I absolutely loved this show when I was little! (Still do actually...) Our holidays consisted of visiting castles and battle re-enactments, meaning I tended to gravitate towards stories that were to do with Medieval times so this show was absolutely perfect. There really are so many things about it that I love. The music was just perfect; to this day I get emotional hearing Marian's Theme. It has that nice mix of embracing the pagan elements but also seeming to have more of a realistic medieval feel than other adaptations have. Ray Winstone as Will Scarlett lead to the realisation that my first baby photo looks eerily like him (maybe one day you will get to experience the horror that is that photo, I don't feel like we know each other well enough yet!). Michael Praed was my favourite Robin, but I feel like they handled the transition to Jason Connery really well. And the line "nothing is forgotten, nothing is ever forgotten" kills me. EVERY.TIME.


My Queen!

But most of all, I loved Marion. The first thing that made an impact on me was obviously her pro-active nature. When she joins the merry men, she is part of them. She wields a bow, she fights, she steals, she is fully and completely one of them. But through all of this she is still feminine. She is this beautiful, red-headed woman who wears gorgeous dresses and is still very much a woman, but she can kick-ass and take care of herself. Bearing in mind I used to run round wearing a princess dress and conical hat but yielding a sword this really appealed to me. (Can we also take a moment to just look in awe at how gob-smackingly beautiful Judi Trott is? SERIOUSLY). It would have been very easy for her to be a passive character who is defined by her love for Robin and stays on the sidelines. But instead she was a full character with skills of her own. ( FYI- One of those skills being bee-keeping. Who doesn't like honey I ask you?) In fact, she often subverts the Damsel in Distress trope by being the decoy and tricking their opponents into underestimating the situation. That's not to say this is a completely unproblematic female character. There are quite a lot of instances where she is tied up, brainwashed etc. However, these are more things that I've noticed as I've re-watched the series. At the time, I think these aspects went over my head slightly. She still remained this awesome, strong woman that inspired me to go running around the garden with my bow and arrows (shout out to the parents for buying such great toys!).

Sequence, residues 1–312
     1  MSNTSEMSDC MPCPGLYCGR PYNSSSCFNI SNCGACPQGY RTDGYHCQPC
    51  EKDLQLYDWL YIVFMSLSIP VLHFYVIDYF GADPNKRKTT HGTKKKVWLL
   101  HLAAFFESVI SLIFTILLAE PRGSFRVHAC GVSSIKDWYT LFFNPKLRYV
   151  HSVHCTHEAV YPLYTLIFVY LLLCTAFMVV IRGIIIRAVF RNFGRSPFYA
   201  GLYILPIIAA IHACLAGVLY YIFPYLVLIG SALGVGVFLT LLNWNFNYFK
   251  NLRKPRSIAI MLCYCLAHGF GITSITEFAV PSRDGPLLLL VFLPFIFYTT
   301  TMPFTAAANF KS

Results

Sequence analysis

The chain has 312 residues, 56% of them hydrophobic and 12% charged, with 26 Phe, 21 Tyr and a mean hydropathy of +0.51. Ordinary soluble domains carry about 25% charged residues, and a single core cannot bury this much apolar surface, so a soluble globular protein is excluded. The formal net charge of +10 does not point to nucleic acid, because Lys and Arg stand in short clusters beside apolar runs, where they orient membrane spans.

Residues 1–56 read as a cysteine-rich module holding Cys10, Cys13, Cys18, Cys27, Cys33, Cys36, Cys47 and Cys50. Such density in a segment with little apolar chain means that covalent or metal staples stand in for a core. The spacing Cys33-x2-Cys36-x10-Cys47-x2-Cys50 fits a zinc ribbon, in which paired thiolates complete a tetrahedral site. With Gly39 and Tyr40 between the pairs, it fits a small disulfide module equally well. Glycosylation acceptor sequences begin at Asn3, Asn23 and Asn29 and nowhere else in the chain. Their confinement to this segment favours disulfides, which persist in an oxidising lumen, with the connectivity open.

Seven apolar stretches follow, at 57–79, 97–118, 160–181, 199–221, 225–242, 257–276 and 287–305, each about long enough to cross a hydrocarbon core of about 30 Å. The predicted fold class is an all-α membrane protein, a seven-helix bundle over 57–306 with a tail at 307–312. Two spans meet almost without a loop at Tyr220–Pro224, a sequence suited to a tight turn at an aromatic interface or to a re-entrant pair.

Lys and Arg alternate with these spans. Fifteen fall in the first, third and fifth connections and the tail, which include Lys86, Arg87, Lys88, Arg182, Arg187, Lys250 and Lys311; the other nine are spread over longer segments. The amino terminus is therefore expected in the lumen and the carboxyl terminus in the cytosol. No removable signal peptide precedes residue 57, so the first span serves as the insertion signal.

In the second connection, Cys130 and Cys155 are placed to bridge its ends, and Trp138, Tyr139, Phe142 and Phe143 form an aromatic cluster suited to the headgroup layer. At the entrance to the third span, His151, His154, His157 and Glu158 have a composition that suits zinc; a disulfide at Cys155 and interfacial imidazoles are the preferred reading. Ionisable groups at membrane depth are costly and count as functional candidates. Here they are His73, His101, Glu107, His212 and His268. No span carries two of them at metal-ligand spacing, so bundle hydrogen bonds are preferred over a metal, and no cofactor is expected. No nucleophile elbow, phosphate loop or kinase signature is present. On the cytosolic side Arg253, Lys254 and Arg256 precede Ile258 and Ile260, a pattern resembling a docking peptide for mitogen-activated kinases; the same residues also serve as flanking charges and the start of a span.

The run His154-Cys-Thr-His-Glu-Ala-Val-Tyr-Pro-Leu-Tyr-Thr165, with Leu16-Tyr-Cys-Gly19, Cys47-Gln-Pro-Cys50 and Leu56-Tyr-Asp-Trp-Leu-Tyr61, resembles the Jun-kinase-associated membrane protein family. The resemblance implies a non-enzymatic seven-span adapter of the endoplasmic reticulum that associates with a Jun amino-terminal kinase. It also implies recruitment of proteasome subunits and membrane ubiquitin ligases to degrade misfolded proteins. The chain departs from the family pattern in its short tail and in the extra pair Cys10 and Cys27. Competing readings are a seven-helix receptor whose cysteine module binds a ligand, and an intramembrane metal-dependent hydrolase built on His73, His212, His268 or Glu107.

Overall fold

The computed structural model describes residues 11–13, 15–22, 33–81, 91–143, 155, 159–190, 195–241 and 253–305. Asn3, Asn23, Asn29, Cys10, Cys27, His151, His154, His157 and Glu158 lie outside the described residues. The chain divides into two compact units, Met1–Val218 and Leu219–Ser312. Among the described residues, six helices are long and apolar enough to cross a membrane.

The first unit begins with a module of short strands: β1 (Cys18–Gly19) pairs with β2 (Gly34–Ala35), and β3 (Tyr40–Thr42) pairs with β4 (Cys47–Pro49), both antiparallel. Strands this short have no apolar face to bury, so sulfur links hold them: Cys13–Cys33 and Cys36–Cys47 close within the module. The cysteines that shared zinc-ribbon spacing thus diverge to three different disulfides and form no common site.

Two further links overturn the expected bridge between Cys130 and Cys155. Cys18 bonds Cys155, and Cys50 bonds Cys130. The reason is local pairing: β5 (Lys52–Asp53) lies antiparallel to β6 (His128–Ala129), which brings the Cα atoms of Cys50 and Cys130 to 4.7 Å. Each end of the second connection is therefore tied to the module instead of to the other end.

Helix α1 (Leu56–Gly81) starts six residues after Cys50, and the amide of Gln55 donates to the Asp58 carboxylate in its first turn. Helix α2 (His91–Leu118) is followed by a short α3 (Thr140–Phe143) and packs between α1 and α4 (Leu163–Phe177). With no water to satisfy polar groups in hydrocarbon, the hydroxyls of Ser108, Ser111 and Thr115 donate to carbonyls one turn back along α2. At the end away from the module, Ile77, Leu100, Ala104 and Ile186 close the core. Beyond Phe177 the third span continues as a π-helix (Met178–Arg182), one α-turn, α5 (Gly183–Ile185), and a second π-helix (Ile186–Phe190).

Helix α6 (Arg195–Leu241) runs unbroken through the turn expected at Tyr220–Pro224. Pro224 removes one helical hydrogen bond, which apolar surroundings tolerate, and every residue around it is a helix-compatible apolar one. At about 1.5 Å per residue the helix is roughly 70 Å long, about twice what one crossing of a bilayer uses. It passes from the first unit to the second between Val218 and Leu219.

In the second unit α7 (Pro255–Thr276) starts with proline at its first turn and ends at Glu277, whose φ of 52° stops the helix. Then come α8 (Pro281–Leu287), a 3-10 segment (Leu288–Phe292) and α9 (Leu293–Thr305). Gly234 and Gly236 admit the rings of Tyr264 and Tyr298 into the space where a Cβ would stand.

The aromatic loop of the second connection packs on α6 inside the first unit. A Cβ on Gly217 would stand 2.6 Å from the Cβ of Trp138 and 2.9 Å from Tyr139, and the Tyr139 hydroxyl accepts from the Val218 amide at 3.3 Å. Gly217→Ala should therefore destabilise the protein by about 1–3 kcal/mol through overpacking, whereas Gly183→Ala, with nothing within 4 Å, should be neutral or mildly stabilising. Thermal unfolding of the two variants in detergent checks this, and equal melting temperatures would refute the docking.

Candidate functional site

Merida eat your heart out, Marion is my original ginger archer!

Sadly the show had to end as the production company ran out of money :( However, with hindsight I actually quite liked the way Marion's story ended with her rejecting Robert's proposal and deciding to be a nun. I like that she was making choices for herself. Especially seeing as the potential storyline for the next series involved [spoiler?] Guy of Gisburne trying to rape Marion and mistakenly killing her, leading to half-brother Robert hunting him down and killing him. I honestly don't think I would have coped if that had happened!So instead I am very happy with it ending with her making decisions for herself and deciding the route her life will go down. I also liked that she wasn't too feisty a character. Don't get me wrong, I love my feisty ladies! But being a more easy-going person myself, I think it made me connect with her even more. Even with her easy-going nature she still stands up for herself and is assertive (punching Owen of Clun in the face after he forcibly tries to kiss her anyone?). As a child, I wasn't overly concerned with romantic relationships, but I do like the one between Marion and Robin. There is a potential argument that Michael Praed has contributed to my love of tall, dark-haired men... WHAT.


We could have had it aaaaaalllllllllllll!

Have any of you seen this series? Or have I managed to tempt some of you to give it a go! Do you have a different favourite Marian? Let me know in the comments!